Secret Internet Protocol Router Network Made Known By WikiLeaks

SIPRNet is explained after a flood of classified documents are released by WikiLeaks.

By Enterprise Networking Planet Staff | Posted Dec 3, 2010
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Sometimes called the "classified Internet", the Secret Internet Protocol Router Network, or SIPRNet for short, was a name largely known only within the Defense Department and military until a flood of classified documents were released by WikiLeaks. This article on Popular Mechanics attempts to explain what SIPRNet is and why it is important. Both SIPRNet and NIPRNet (Non-Classified Internet Protocol Router Network) is simply the way the Defense Department moves information around on computer systems. SIPRNet can handle classified information, up to the secret level, while NIPRNet is reserved for less sensitive unclassified information. Access to SIPRNet was expanded after the terrorist attacks of 9/11and the Pentagon estimates there are now about 400,000 to 500,000 SIPRNet users including account holders from the Pentagon, as well as other agencies like the Office of the Director of National Intelligence, the Department of Homeland Security and the Federal Bureau of Investigation.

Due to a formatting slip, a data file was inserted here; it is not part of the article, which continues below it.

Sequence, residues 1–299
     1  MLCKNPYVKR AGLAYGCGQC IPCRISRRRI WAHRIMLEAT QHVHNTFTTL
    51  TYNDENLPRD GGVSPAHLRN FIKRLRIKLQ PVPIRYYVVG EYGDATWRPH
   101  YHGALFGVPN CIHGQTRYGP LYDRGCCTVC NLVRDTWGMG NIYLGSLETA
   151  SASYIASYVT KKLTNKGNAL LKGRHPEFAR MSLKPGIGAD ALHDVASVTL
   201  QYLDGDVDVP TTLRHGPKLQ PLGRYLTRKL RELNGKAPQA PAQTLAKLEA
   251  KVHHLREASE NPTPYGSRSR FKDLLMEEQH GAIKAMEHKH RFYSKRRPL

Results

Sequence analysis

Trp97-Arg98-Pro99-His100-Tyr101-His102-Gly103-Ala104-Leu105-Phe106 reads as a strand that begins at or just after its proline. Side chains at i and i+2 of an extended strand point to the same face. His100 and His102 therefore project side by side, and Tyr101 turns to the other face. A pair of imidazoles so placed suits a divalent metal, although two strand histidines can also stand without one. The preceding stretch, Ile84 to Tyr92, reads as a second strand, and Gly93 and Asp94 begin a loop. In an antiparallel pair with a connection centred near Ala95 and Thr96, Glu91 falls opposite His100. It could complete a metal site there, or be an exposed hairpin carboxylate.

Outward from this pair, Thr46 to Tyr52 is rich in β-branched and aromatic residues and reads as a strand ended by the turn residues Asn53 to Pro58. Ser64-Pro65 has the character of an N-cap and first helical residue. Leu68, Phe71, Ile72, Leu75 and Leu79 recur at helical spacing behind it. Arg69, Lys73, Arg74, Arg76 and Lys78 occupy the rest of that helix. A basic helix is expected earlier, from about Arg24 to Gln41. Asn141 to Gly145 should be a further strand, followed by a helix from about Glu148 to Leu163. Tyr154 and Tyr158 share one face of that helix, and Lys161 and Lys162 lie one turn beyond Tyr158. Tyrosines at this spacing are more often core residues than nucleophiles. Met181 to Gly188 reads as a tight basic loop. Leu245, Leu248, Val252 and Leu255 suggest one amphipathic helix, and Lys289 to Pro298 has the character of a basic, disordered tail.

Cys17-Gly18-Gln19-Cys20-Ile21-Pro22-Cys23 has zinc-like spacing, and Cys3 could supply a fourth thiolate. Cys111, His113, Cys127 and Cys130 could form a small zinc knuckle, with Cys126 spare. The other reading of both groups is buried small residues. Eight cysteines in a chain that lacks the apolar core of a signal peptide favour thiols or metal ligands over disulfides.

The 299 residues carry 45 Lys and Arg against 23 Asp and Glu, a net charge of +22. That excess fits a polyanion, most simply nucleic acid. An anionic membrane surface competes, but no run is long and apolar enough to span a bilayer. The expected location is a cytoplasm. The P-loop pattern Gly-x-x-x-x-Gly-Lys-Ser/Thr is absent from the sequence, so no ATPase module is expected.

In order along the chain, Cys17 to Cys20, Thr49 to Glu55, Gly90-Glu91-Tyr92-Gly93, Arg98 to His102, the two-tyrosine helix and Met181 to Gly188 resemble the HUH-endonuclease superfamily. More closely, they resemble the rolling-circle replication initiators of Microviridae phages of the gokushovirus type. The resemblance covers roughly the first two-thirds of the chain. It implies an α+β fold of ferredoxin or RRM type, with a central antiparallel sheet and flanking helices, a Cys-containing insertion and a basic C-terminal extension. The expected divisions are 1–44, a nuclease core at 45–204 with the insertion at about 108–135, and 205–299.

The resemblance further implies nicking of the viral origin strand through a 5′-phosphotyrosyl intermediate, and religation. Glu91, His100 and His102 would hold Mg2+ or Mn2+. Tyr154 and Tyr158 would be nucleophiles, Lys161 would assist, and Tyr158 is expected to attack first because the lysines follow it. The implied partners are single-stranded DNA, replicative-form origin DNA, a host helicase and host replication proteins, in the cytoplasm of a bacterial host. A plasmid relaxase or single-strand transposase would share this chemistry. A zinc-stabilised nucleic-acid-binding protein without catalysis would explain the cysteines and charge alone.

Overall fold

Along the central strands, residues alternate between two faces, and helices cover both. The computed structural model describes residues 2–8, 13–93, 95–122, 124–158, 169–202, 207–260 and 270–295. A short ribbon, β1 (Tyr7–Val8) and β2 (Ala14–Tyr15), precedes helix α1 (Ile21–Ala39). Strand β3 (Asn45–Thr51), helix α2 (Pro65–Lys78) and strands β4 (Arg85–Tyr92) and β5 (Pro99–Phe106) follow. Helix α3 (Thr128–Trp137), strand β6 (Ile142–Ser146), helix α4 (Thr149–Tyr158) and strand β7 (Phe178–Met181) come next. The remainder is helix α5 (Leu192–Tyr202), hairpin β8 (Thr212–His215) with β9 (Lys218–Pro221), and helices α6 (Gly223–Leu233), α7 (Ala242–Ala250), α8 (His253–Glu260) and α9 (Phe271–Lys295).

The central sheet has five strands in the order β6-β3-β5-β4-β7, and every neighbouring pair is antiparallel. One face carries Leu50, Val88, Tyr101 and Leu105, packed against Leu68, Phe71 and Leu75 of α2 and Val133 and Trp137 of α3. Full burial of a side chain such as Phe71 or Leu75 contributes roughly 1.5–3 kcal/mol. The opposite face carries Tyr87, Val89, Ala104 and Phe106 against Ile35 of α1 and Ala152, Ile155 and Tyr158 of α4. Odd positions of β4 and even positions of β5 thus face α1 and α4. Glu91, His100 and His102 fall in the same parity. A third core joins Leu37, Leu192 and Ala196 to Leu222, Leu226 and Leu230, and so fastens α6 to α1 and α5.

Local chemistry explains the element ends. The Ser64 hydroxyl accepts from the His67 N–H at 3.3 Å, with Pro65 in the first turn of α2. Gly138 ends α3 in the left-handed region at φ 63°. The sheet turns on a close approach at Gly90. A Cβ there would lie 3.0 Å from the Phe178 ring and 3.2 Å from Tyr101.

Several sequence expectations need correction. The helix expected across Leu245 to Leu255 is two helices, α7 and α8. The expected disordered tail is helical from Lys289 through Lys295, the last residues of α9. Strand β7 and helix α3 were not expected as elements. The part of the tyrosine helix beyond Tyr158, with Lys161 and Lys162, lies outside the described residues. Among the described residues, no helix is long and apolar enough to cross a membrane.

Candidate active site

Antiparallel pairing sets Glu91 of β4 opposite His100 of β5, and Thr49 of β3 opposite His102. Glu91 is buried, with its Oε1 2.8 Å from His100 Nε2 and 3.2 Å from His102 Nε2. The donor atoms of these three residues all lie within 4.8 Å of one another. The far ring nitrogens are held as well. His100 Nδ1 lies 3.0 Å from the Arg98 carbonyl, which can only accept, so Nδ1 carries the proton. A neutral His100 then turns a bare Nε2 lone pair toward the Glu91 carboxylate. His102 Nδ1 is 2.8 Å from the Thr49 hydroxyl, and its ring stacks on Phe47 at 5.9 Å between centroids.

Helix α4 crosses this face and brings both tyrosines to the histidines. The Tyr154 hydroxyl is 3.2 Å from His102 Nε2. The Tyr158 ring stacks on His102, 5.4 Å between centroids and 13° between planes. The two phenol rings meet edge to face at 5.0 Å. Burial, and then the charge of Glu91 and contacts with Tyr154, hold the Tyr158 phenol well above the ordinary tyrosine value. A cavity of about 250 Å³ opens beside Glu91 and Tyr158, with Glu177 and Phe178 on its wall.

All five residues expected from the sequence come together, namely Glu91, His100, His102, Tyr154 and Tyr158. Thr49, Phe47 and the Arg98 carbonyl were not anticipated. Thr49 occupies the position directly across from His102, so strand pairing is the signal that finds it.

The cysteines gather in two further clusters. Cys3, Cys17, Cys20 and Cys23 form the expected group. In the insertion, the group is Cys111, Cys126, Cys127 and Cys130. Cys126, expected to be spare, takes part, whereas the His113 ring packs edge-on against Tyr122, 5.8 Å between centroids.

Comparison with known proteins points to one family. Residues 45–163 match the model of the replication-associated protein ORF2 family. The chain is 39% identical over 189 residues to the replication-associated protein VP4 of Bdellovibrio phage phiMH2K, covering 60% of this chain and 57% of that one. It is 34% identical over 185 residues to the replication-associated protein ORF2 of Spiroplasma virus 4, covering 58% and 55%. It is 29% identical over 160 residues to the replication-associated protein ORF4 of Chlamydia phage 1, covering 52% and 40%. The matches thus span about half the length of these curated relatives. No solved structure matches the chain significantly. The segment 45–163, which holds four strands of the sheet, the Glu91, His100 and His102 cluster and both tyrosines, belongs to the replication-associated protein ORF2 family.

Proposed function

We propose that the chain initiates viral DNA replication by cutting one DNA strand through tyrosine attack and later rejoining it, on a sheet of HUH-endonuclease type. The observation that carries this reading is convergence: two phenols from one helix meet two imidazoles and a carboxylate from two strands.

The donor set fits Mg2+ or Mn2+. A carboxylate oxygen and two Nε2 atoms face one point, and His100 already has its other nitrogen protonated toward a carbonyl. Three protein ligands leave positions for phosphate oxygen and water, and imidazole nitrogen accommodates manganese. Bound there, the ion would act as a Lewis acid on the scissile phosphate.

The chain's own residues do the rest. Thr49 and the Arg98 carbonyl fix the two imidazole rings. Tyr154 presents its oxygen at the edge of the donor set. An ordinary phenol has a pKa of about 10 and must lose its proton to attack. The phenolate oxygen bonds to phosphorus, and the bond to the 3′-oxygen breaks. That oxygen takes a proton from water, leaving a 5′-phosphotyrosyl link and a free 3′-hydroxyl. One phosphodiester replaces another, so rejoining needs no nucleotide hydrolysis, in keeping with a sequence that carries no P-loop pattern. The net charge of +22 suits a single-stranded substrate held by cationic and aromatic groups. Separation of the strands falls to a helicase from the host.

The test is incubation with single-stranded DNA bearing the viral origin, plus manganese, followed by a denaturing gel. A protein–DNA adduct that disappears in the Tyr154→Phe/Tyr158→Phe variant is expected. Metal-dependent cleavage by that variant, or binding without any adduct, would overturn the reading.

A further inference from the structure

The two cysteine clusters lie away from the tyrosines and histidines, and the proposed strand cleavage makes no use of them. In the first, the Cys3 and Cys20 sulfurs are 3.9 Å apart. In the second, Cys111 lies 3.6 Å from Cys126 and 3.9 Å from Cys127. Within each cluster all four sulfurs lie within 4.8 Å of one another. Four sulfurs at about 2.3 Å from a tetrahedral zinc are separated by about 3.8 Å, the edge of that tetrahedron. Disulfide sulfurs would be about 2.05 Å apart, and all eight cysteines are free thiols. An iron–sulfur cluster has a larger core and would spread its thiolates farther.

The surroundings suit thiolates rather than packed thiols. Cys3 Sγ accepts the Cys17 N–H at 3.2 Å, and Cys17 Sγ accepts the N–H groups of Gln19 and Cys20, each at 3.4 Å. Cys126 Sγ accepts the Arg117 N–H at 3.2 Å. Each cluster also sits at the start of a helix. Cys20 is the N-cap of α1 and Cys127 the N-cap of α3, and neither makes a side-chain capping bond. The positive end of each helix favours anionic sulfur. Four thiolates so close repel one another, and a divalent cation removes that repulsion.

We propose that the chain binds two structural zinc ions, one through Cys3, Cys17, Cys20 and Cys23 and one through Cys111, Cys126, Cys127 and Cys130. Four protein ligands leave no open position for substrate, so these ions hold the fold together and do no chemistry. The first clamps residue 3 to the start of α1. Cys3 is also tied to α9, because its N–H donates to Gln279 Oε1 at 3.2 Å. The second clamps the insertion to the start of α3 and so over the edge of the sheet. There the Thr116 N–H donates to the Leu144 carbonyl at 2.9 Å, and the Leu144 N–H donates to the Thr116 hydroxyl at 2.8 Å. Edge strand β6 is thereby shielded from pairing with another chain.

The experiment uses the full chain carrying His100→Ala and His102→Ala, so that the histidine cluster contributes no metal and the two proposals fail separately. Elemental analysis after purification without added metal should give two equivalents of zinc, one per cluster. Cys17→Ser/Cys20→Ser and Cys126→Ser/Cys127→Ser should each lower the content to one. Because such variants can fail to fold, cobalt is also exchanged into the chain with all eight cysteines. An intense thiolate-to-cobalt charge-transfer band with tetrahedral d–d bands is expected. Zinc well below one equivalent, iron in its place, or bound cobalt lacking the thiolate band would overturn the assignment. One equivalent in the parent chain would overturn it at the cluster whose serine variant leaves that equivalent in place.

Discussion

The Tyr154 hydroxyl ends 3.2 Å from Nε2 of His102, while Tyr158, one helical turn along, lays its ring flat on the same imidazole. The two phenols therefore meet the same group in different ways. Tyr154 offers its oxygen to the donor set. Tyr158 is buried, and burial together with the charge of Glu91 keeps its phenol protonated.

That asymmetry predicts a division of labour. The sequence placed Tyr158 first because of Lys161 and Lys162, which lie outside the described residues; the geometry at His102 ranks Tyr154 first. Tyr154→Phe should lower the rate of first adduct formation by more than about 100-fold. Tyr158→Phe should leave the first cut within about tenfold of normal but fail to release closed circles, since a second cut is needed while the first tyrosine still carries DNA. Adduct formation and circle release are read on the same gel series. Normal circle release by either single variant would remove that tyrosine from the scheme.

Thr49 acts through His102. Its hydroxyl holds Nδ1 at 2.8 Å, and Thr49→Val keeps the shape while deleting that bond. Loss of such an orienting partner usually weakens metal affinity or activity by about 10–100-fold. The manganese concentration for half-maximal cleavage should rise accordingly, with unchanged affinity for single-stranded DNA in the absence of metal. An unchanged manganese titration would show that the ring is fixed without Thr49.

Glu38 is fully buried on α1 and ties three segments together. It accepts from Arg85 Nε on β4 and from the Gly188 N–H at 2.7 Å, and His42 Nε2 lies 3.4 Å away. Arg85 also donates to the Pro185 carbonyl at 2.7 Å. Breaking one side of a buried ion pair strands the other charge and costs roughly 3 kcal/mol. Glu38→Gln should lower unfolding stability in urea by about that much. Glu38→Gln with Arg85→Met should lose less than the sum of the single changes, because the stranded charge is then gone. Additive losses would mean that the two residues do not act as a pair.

"That debate, according to retired Maj. Gen. Dale Meyerrose, predates WikiLeaks. 'There's this natural friction between needing to share the information with the broadest range of people possible in order to make effective use of it,' says Meyerrose, a Harris Corp. executive who was previously the chief information officer for the Office of the Director of National Intelligence, 'There's always the chance somebody will abuse it.'"

Read the Full Story at Popular Mechanics

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